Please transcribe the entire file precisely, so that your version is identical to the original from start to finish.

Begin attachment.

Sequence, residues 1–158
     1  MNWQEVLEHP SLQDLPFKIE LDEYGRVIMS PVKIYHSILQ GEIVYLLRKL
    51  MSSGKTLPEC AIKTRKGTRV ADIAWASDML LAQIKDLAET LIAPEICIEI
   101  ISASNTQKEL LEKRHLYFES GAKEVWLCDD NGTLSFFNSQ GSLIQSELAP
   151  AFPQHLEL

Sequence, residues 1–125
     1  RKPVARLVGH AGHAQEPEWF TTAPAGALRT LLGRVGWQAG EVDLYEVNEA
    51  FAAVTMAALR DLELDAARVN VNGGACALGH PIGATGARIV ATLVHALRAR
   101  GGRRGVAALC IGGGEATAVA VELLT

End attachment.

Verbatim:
Sequence, residues 1–158
     1  MNWQEVLEHP SLQDLPFKIE LDEYGRVIMS PVKIYHSILQ GEIVYLLRKL
    51  MSSGKTLPEC AIKTRKGTRV ADIAWASDML LAQIKDLAET LIAPEICIEI
   101  ISASNTQKEL LEKRHLYFES GAKEVWLCDD NGTLSFFNSQ GSLIQSELAP
   151  AFPQHLEL

Sequence, residues 1–125
     1  RKPVARLVGH AGHAQEPEWF TTAPAGALRT LLGRVGWQAG EVDLYEVNEA
    51  FAAVTMAALR DLELDAARVN VNGGACALGH PIGATGARIV ATLVHALRAR
   101  GGRRGVAALC IGGGEATAVA VELLT